Contractors Out of Iraq
Gen. Ray Odierno, the top commander in Iraq, recently issued a directive asking his subordinate commanders to reduce the use of civilian contractors on at least 50 bases and small installations across Iraq and, where possible, provide employment to Iraqis instead. …
“This initiative supports our desired end state of a stable, sovereign, and prosperous Iraq,” General Odierno wrote in a directive dated Jan. 31. “It’s the right thing to do, so let’s move out.”
Odierno’s asking his commanders to cut their reliance on contractors — there are about 150,000 of them in Iraq, according to the Christian Science Monitor’s Gordon Lubold, which include 37,000 Iraqis — by five percent each quarter. He apparently made a point in his directive of criticizing the military’s reliance on contractors, and candidly told commanders that their troops may need to take up the shortfall. Whatever will happen to KBR’s Sri Lankan ice cream scoopers at the dining facility at Baghdad’s Camp Liberty?
The directive is outside the question of what will happen to private security contractors, since that’s not under the military’s jurisdiction. And there the big thing to watch during the transition to full Iraqi control is who bids on the State Department’s Worldwide Private Personal Security contract when it comes up for renewal in September. It’s currently split between Blackwat– sorry, Xe, DynCorp and Triple Canopy, but in January the Iraqi government announced it won’t accredit the-company-formerly-known-as-Blackwater and it’s unclear if DynCorp and Triple Canopy want the contract now that the Iraqi government put a provision in the Status of Forces Agreement stipulating that all contractors fall under its legal jurisdiction.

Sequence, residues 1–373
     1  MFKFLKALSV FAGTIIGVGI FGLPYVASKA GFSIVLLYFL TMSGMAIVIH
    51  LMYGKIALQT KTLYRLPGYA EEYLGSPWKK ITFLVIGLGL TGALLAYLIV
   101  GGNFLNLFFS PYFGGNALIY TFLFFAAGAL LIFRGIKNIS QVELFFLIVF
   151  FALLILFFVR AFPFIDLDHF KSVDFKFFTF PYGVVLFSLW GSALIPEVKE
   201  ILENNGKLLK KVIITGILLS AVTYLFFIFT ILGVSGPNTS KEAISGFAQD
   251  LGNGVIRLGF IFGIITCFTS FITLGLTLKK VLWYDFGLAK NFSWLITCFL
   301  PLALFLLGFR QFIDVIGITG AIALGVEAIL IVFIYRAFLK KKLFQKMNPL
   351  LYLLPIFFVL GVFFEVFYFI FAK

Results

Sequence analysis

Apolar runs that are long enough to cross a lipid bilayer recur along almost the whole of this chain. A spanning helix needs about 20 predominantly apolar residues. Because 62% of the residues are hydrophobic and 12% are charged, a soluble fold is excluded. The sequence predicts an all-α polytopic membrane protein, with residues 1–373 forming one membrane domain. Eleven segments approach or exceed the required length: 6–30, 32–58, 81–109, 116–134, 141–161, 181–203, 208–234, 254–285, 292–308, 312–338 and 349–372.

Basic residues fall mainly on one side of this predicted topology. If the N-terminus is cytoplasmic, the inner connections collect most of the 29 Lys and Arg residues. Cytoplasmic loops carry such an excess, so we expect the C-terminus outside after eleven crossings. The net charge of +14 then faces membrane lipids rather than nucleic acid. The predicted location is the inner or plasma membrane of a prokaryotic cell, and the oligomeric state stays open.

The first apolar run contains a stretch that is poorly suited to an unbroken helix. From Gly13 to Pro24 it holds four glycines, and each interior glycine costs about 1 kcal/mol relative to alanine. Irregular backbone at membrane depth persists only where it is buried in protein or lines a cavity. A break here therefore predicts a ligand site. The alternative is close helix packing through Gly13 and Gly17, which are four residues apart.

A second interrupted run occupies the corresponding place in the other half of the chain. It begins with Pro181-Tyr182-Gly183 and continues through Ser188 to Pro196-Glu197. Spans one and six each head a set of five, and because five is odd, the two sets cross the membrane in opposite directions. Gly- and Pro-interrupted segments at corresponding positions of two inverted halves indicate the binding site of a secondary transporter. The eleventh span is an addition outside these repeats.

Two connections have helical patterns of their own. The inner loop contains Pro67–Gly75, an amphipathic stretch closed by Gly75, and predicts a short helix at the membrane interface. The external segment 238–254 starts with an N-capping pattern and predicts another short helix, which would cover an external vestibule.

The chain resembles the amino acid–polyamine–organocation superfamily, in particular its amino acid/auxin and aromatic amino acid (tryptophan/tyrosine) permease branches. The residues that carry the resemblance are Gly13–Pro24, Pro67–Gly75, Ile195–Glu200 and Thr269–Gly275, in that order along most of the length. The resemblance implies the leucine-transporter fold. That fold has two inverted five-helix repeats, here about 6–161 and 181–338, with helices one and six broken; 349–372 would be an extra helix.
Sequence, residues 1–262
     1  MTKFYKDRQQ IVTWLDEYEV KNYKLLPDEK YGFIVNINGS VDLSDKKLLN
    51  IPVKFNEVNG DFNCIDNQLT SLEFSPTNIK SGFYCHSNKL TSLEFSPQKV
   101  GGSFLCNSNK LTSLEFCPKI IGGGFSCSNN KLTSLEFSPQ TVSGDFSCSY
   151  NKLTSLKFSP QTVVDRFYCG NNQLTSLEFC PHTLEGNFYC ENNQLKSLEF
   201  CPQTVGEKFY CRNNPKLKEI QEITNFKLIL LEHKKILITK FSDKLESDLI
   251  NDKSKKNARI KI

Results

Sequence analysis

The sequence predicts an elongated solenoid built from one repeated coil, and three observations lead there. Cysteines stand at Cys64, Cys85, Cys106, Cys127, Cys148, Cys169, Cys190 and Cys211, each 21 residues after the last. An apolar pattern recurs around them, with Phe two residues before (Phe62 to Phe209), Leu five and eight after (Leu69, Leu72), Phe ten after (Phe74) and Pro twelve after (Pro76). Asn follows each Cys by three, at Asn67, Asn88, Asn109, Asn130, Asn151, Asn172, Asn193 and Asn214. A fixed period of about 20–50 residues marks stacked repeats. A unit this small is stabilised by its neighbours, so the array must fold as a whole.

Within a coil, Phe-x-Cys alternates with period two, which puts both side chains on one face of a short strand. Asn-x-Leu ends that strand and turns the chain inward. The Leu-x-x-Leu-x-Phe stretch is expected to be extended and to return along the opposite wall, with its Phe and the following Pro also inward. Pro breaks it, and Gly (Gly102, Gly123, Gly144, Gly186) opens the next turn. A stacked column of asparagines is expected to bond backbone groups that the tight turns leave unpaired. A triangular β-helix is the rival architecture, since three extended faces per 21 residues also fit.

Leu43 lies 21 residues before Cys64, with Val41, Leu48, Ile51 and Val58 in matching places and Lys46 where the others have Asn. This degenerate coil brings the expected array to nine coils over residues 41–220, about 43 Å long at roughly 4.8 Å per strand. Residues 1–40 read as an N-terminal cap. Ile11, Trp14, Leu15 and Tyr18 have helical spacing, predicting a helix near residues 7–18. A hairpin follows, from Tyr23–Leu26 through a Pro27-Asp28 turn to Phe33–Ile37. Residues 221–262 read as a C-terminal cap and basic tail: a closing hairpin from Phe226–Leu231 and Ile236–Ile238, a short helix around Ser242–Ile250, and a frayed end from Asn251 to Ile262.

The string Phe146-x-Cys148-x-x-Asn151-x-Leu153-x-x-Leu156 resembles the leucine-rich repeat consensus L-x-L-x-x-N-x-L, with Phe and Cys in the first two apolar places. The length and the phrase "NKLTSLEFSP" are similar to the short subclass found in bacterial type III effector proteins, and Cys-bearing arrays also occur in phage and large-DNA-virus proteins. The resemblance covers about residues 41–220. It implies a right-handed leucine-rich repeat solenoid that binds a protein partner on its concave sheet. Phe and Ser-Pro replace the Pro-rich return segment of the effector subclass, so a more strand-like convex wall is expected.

Beyond that particular contract, I recently spoke with Doug Brooks, president of the International Peace Operations Association, which might jocularly-but-uncharitably be called the mercenaries’ lobby, about what he thought about the future of private security in Iraq. Thanks to the improved security picture, “more businesses are in Iraq, and they hire private security,” Brooks said. “The large scale [operations are] diminishing, and the small scale is picking up.” Bodyguard work for businesses might be the future of private security, Brooks mused, comparing the situation to Colombia, where private security firms protect big shots from the various militias and terrorist groups.
Update: As Doug suggests in comments, I phrased that last part a bit poorly, but he seems to have read it as me quoting him as saying that PSCs were protecting militiamen and terrorists. What I meant to say, in accordance with our interview, was that they protect the big shots — from commercial interests, etc. — from the dangers of Colombian militiamen and terrorists. Apologies for the confusion.